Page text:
The Garden of Gethsemane

I have long embraced Ignatian Spirituality where I insert myself into a scene in which I am writing. Writing has always been a personal experience for me, but never less than when I wrote Gaspar, Another Tale of the Christ.

As approach the ‘difficult’ part of Holy Week, I invite you to read – and hopefully experience – this excerpt from Gaspar. It is how I emersed myself in the final night Jesus lived.



International Holocaust Remembrance Day

This piece was originally posted several years ago…


Today, January 27, 2015 is International Holocaust Remembrance Day, a memorial day for the victims of the Holocaust, estimated at 6 million Jews, 2 million gypsies, 15,000 homosexuals, and countless other millions like Edith Stein, Maximilian Kolbe, and Bronisław Czech who gave their lives to resist one man’s unfortunate choice to eliminate a people from the face of the earth.

The United Nations established this memorial day in 2005.  The date coincides with the liberation of Auschwitz-Birkenau – the largest Nazi death camp – on January 27, 1945. Continue reading International Holocaust Remembrance Day

Merry Christmas

Writing a book is an act of creation.  I hold a special place in my heart for each of the seven works of fiction I have created.  I would be hard-pressed to say I like this one more than that one.  Each work has its strengths… and weaknesses.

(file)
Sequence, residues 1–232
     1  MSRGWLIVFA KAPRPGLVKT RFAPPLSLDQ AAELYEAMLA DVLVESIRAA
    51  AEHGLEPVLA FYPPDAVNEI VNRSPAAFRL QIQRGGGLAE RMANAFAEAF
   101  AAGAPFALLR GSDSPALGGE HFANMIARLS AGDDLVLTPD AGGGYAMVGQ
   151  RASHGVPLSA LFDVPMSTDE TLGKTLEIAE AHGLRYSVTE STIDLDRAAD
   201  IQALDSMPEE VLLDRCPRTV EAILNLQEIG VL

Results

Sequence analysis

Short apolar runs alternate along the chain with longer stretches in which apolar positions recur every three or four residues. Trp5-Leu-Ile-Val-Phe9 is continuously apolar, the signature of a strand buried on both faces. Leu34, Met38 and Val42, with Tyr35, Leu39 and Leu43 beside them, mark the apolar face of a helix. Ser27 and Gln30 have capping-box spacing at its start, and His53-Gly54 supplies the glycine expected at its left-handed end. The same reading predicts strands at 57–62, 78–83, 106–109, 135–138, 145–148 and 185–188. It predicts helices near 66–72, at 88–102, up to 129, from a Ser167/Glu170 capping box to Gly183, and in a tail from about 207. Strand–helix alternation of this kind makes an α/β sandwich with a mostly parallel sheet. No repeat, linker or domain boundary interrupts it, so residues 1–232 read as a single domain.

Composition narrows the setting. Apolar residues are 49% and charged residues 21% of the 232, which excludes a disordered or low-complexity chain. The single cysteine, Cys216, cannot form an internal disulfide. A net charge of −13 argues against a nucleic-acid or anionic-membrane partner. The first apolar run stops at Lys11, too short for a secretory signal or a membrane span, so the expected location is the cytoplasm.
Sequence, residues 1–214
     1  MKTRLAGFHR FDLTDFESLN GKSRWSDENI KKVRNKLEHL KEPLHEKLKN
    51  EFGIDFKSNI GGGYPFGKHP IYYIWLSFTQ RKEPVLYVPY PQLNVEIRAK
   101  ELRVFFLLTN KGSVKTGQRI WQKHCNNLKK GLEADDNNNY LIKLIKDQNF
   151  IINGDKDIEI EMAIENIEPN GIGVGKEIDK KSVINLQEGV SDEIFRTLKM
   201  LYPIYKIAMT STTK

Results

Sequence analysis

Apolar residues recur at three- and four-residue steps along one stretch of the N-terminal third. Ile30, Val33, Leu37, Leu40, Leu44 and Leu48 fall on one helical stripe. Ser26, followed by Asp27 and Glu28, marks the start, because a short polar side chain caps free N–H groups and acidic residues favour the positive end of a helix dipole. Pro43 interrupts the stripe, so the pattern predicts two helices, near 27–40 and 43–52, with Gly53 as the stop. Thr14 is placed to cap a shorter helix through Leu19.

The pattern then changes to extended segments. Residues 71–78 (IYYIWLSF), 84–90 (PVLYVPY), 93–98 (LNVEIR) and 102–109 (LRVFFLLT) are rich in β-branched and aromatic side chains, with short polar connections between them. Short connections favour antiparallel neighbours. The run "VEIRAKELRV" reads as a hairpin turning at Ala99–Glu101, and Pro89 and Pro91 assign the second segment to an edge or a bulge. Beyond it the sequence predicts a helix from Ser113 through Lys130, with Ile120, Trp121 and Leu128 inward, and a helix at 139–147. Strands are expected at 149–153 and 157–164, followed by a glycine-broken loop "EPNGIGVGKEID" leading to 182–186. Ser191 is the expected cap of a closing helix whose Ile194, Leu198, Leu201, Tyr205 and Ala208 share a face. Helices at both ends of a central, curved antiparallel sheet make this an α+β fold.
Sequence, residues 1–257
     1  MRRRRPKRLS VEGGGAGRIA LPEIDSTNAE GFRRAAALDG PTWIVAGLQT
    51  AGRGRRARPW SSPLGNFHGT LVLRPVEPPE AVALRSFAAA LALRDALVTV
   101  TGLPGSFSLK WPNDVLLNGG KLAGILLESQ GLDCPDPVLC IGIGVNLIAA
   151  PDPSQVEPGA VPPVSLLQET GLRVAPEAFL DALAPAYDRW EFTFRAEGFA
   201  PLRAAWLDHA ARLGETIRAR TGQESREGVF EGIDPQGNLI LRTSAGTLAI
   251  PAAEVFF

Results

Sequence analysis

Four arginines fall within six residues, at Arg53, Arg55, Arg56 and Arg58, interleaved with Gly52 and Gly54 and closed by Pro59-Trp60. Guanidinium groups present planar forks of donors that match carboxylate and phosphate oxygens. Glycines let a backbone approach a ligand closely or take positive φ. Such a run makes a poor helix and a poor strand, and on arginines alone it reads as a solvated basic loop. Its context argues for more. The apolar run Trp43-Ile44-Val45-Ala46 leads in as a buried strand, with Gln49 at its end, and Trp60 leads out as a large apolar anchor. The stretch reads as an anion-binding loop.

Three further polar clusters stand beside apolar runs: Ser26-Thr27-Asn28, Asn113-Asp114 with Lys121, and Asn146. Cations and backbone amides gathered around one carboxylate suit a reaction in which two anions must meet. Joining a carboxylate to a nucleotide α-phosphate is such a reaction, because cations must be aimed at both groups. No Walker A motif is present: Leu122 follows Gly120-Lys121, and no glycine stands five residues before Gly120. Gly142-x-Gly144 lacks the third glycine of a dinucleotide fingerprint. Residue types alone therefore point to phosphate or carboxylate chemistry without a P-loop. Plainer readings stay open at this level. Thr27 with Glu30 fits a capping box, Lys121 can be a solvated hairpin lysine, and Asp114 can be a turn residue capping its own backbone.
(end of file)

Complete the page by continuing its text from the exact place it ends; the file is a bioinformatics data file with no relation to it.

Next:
E.S. KraayOne sequence that I am particularly fond of is the Nativity sequence I wrote for Gaspar, Another Tale of the Christ.  One of the highlights of my literary career occurred in January 2015 when my friend Alistair McKenzie came to Tucson and read the sequence at weekend masses at the Redemptorist Renewal Center in Picture Rocks, Arizona.

As Christmas rapidly approaches, I want to share Alistair’s reading of that sequence again with the thought that it might help strengthen our convictions and purpose as we conclude one year and move forward into another.

Merry Christmas

Leon Uris and Love of Country

Fifty-one years ago – nearly to the day – I read Leon Uris’s novel of Berlin in the aftermath of WWII, Armageddon.  I still retain that first edition though the dustcover no longer exists.  I read the book over a weekend in the spring of my senior year at the United States Air Force Academy.  I am a slow reader, but I devoured this 632-page novel in two days, a personal record. Continue reading Leon Uris and Love of Country